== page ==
[…] there is no possibility of confusing « refund » and « service » institutions because they have different legal natures, and it is not fair to talk about the taxation of refunds for fees made available to the parent company by the parent company, which is not compensation for the provision of services, but a simple reimbursement of expenses. If we have never heard of cost-sharing systems, it seems almost too good to be true. You would think that there is a catch that was not mentioned in the example that, in practice, would reduce the value that businesses get by putting in place cost-sharing systems. There is one element that is not included in the previous discussion: buy-in, but it will not prevent companies from entering into cost-sharing agreements. In a typical relationship between a parent and a sub, where the parent company develops most of the intangible assets used by the two companies, it is unlikely that the parent company will begin to develop intangible assets until after a cost-sharing agreement is reached with the money. Instead, the parent company will have delivered material assets to the sub – such as the use of the parent company`s brand, marketing know-how and production technology – throughout the subs` existence. Intangible assets provided by the parent to its sub-company prior to the construction of a cost-sharing agreement are identified as their intangible assets prior to the purchase. In the typical situation in which a parent has developed these intangible pre-emption values in the name of the sub, the subcontractor must make a one-time payment to the parent company – the purchase payment – on the date the cost-sharing agreement takes effect, up to the estimated market value of the portion of the intangible assets before the purchase (calculated from the date the cost-sharing agreement takes effect). This buy-in payment is taxable income of the parent company and tax deductible for the subcontractor.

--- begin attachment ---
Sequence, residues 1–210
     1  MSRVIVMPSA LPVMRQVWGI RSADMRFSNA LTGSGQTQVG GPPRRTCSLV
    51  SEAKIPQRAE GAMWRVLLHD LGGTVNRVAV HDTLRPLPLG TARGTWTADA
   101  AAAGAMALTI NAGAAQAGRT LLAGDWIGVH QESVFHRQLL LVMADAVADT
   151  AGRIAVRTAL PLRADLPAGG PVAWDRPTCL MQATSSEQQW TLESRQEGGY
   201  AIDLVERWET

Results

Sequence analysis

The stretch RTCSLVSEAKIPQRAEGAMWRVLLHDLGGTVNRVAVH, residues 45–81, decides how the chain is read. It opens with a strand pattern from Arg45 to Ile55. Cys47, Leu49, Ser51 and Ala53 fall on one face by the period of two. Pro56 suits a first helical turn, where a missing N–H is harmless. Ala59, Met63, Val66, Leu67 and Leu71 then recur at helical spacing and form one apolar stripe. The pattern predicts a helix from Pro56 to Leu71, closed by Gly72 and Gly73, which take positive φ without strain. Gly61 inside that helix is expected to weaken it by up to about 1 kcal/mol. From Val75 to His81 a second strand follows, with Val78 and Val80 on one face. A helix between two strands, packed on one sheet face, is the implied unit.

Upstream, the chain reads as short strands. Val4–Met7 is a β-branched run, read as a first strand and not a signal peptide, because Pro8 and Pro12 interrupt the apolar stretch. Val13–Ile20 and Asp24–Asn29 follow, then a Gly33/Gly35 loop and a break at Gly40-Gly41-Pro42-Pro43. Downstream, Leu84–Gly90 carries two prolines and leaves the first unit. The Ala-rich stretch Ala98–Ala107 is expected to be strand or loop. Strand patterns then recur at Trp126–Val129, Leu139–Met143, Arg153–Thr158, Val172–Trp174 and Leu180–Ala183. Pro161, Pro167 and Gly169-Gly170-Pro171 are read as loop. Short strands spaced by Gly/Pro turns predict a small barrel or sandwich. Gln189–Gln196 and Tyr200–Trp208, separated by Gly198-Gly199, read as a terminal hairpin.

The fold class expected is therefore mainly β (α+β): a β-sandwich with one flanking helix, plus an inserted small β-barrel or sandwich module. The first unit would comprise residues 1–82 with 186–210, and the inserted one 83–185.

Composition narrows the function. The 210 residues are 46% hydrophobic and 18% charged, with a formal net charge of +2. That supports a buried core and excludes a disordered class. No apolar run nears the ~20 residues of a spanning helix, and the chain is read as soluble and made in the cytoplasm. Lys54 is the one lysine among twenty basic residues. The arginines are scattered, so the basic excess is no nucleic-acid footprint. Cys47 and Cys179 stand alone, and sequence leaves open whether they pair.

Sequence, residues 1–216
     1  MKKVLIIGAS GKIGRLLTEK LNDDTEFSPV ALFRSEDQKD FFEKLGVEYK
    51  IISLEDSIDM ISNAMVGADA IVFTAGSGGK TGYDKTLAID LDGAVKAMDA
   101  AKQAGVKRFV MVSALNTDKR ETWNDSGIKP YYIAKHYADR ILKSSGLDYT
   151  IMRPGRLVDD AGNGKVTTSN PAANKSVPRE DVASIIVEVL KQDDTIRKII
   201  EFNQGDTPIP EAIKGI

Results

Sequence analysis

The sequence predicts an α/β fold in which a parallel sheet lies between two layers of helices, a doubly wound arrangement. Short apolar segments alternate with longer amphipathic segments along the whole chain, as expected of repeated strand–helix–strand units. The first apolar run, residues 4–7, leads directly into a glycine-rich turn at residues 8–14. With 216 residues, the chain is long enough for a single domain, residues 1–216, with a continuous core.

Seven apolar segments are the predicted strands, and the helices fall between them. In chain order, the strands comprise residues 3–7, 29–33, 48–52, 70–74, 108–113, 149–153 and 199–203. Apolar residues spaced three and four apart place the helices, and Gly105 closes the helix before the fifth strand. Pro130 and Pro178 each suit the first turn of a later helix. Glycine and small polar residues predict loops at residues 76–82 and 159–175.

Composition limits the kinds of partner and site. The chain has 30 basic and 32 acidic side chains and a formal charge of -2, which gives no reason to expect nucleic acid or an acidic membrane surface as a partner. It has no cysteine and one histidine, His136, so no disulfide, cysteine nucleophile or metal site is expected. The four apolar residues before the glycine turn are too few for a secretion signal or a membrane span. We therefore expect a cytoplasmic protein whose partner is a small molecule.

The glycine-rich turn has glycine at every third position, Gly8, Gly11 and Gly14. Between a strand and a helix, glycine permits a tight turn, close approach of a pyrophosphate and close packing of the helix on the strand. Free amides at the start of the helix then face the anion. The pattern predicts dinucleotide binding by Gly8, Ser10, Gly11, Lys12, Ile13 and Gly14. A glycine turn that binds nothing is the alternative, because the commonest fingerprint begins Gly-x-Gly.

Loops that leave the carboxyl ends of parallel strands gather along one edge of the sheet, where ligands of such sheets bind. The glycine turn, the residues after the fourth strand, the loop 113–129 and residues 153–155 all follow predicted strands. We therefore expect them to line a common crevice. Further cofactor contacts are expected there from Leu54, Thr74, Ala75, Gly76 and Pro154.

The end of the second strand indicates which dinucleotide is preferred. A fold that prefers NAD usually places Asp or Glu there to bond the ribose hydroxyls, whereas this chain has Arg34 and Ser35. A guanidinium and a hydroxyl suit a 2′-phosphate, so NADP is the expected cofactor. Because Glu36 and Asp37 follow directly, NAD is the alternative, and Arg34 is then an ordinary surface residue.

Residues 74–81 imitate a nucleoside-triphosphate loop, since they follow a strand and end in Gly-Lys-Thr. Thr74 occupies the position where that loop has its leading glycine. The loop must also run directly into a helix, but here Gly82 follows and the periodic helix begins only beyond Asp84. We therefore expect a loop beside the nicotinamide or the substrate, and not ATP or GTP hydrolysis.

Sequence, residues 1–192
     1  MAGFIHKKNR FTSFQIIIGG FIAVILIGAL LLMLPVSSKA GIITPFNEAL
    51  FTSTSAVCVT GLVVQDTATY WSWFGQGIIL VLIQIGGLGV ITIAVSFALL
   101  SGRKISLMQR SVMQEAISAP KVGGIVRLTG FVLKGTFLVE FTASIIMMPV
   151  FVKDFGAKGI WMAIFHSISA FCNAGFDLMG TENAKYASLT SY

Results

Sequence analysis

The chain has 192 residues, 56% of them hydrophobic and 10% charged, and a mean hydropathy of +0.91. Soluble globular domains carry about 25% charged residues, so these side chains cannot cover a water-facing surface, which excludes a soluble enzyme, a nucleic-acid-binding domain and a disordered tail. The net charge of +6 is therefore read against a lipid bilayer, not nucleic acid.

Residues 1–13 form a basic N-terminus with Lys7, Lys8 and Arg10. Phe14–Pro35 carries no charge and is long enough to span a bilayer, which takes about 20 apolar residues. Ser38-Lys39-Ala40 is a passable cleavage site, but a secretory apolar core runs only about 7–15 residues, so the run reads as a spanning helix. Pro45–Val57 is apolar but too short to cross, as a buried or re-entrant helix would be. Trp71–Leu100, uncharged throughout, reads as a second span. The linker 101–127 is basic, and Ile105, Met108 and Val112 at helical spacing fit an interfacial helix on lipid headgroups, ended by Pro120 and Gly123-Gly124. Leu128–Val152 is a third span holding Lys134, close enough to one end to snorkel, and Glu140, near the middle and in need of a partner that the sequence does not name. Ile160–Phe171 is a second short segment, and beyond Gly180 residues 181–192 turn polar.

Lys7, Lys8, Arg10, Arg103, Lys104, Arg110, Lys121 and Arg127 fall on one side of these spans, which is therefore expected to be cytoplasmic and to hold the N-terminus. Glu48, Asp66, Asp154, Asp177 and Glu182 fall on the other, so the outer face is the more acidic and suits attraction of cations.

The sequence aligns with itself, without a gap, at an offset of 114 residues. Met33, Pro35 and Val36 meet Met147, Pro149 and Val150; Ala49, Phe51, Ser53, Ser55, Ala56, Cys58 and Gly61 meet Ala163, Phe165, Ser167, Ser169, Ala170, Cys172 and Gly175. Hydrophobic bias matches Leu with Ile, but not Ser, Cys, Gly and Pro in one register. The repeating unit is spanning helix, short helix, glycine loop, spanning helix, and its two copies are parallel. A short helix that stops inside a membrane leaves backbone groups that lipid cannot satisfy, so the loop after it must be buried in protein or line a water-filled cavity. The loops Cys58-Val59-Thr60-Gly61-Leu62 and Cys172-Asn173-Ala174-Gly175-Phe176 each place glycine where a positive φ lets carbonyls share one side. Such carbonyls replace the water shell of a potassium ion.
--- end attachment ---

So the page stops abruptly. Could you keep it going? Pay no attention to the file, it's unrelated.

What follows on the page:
Cost-sharing contracts provide a unique opportunity to increase cash flow, reduce tax bases and set up contingencies for cost allocation between businesses. A cost-sharing agreement should never be taken lightly. PIASCIK, the largest international tax firm south of D.C. and north of Charlotte, NC, provides competent advice on cost-sharing agreements with clients in more than 49 countries. The topic continues to move forward, in the sense that many advocates of the appropriateness of the impact of FRRs in cost-shared transactions believe that these transactions can be characterized as service delivery – an inconsistent definition, as has already been said above. The same is true of cost-sharing agreements, which are widespread among multinationals. Often, a company of the same economic group, based abroad, is the one that centralizes these support activities, in collaboration with the company based in Brazil. It is precisely in this case that the above-mentioned CARF decision is relevant. Finally, it should be noted that cost-sharing agreements may result in additional litigation between a subject and the IRS. In the example shown above, there is a clear distinction between the revenues received by the parent company on intangible assets prior to purchase and the revenues generated by the parent company and the portion of intangible capital expenditures after the cost-sharing agreement came into effect.